CM . . .
. Volume XIX Number 6 . . . . October 12, 2012
A huge shock greets 14-year-old Kathryn Tourond as she waits somewhat impatiently on the train platform to meet her Aunt Belle with whom she will be staying after the untimely passing of her father. Kathryn, not Kate or Katydid, moves all the way from her posh life in Toronto, ON, to a small encampment in River Falls, AB, only to learn that she is of Métis heritage and that her life is about to change drastically. The year is 1901, and while she and her father passed as white in metropolitan Toronto, here in River Falls you can't escape your culture.
While Kathryn has no intention of staying in her aunt's run-down shack amongst the other Road Allowance People, she must co-exist with her new community while she hatches a plan to raise the funds to return to her old life and grand ambitions back East. Her new life is not an easy one as she learns firsthand how the Métis are treated as second class citizens. Preferring to lose herself in the adventures of books rather than the hard labour and strange customs of the Métis people, Kathryn finds herself drawn out of her cocoon by the stories of a mysterious Highwayman who helps the outcasts by night fall. Determined to discover the identity of the Robin Hood of River Falls, and later to protect him from a false accusation that could lead to his hanging, Kathryn learns important lessons about herself and the people she has come to know better through trial and triumph.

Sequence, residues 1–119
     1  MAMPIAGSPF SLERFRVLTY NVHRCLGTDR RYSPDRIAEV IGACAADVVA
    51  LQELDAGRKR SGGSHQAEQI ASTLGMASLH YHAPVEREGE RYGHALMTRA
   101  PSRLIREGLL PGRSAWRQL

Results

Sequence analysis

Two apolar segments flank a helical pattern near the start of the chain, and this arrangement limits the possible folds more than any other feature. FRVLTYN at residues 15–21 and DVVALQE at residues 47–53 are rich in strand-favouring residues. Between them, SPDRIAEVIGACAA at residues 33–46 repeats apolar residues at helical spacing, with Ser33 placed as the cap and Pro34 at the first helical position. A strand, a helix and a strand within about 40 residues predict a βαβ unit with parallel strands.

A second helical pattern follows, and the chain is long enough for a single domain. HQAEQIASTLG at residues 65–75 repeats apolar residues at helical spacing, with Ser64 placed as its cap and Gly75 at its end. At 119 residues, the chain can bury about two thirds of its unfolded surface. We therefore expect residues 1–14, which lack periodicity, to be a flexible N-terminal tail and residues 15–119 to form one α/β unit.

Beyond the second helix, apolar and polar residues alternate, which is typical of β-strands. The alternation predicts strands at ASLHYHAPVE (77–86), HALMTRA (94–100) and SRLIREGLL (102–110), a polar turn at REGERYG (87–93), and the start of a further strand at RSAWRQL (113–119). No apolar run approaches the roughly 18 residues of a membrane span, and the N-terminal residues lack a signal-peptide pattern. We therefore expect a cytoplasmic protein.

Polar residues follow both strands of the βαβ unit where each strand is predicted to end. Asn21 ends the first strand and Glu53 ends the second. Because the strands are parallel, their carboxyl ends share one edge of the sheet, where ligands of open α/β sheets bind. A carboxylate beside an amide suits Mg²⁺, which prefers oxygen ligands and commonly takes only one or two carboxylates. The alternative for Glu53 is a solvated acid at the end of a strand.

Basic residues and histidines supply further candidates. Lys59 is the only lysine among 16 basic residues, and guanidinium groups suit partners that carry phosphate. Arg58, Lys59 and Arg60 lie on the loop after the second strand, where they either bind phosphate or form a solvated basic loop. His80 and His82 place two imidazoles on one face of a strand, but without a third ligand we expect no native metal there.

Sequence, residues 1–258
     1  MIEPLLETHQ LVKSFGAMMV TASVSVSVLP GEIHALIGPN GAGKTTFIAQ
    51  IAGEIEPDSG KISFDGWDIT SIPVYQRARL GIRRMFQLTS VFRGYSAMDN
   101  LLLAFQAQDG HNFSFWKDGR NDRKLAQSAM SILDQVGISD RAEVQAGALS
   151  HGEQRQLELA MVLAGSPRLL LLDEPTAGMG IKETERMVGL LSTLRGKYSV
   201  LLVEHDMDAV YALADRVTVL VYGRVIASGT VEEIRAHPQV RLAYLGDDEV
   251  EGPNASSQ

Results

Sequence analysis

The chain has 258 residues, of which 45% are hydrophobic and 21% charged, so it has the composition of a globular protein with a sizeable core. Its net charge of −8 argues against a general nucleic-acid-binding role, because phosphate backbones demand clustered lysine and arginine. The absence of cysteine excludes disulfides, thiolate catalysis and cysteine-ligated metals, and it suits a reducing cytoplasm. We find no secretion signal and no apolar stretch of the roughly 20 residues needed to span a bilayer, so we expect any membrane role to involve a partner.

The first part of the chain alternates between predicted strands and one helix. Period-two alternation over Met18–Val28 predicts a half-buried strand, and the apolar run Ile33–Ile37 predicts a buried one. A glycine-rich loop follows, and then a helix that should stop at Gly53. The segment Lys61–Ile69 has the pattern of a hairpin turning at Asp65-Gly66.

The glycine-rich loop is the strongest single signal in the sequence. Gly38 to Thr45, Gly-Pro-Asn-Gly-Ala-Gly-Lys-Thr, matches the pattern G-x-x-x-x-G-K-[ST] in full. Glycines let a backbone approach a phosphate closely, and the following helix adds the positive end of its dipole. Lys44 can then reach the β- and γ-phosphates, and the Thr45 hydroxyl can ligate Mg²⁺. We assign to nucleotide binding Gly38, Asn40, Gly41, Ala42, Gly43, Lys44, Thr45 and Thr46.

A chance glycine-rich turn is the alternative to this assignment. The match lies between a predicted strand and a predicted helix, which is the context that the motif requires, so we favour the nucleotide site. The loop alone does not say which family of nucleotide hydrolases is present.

Outcasts of River Falls is actually a sequel to Jacqueline Guest's Belle of Batoche which follows Aunt Belle as a young girl at a critical point in Métis history. However, enjoyment of the more recent book is not dependent on having read the first. Outcasts of River Falls stands alone as a hearty mystery with interesting historical insights. Readers are immediately introduced to strong-willed, mutlti-dimensional characters in both Kathryn and Aunt Belle, and the tone complements the intrigue of the plot. Outcasts of River Falls is a fast paced book, matching the short time frame in which the story takes place. While Kathryn's eventual change of heart towards her newfound community seems a little bit rushed, the overall pacing of the story is satisfying. The language is historically lilted and appropriate both for audience and accuracy.
Outcasts of River Falls packs an interesting punch, but it has a depth of content that will open up a discussion about equality and acceptance. It does double duty in shining a light on a little known historical Canadian fact while entertaining with a gutsy, outspoken protagonist who impresses and inspires.
Amber Allen is a librarian in Toronto, ON, who fills every crack of her spare time with children's literature.
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